(HOST) As we prepare to celebrate our independence, teacher, historian, and commentator Vic Henningsen reminds us that the system of government we have today isn’t exactly what the Founders intended.
(HENNINGSEN) Thomas Jefferson and John Adams both died on July 4th, 1826 – the fiftieth anniversary of American independence. Anticipating the celebration, each issued a final public statement giving ringing testimony to the significance of the American Revolution. But public statements don’t always reflect private thoughts. The sad truth is that Jefferson, Adams, and many of their contemporaries died disillusioned with the consequences of their revolution.
They’d intended to create a republic – a system of government in which wise, impartial custodians of public virtue ruled in the public interest. But they based their revolution on ideals of human equality, equality of opportunity, and the notion that ultimate power to govern rests with the people at large. And those ideas inspired the people at large to join in, transforming an 18th century republic into a democracy, which wasn’t what the framers had in mind.
Before his death, George Washington complained that there was no longer room for gentlemen in politics, when a party could "set up a broomstick" as a candidate, call it "a true son of Liberty" or a "Democrat" or anything else to suit their purpose, and the broomstick would "command their votes in toto."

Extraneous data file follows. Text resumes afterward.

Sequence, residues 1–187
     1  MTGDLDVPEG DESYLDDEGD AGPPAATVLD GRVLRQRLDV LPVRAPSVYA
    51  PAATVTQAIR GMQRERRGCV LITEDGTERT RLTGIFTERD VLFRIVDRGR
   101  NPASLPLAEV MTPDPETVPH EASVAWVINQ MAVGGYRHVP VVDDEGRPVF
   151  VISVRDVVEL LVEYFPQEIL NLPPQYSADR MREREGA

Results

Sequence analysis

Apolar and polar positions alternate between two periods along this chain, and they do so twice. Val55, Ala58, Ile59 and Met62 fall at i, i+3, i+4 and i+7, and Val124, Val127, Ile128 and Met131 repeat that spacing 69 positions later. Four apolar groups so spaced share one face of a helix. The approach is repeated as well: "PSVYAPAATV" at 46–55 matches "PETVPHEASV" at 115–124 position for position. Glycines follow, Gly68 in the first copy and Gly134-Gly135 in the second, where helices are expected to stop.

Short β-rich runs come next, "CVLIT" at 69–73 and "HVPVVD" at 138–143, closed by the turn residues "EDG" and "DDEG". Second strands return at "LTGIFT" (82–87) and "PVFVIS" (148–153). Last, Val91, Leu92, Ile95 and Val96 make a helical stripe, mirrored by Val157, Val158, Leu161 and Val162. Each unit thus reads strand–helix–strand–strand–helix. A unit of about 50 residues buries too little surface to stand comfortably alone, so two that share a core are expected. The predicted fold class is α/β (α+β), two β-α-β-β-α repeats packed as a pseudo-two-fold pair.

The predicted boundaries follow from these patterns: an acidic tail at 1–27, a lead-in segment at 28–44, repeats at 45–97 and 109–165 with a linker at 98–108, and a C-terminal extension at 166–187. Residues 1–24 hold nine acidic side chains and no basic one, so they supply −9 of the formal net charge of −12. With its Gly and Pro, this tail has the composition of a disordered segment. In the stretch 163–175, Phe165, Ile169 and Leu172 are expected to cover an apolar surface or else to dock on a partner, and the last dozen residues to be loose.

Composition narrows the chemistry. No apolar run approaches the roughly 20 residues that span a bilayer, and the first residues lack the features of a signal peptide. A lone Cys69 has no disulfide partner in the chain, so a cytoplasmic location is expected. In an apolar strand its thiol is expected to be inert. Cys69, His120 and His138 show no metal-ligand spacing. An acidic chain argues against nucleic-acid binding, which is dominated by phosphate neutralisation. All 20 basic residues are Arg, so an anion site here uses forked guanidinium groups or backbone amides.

Alexander Hamilton called the people "A great beast" and regarded democracy as a poison – essentially mob rule.
As he watched the ascendancy of ideas and people he loathed, Hamilton wrote, "Every day proves to me more and more, that this American world was not made for me."
Benjamin Rush, a signer of the Declaration, had anticipated an American enlightenment, but saw the country’s affairs falling "into the hands of the young and ignorant and needy." "We are indeed," he wrote John Adams in 1812, "a bebanked, a bewhiskied, and a bedollared nation." Rush burned the notes and documents he’d saved to write a history of the American Revolution.
Adams responded in kind: "Where is now, the progress of the human Mind? . . . When? Where? and How? is the present Chaos to be arranged into order?"
Thomas Jefferson hated what he saw developing – an America of speculation, paper money, banks, and renewed emphasis on evangelical religion. It was a world of small men grubbing over small issues – not the departed giants of his youth. "All, all dead", he wrote in 1825, "and ourselves left alone amidst a new generation whom we know not, and who knows not us."
Jefferson and the others were truly men of an 18th century elite, who deplored the emerging democracy that had overtaken the republic they planned. It’s useful to remember that we celebrate an unintended consequence of their revolution. That may sound depressing, but it shouldn’t. The real revolution the Founders launched was one of ideas: ideas of equality that remain revolutionary – and worth celebrating.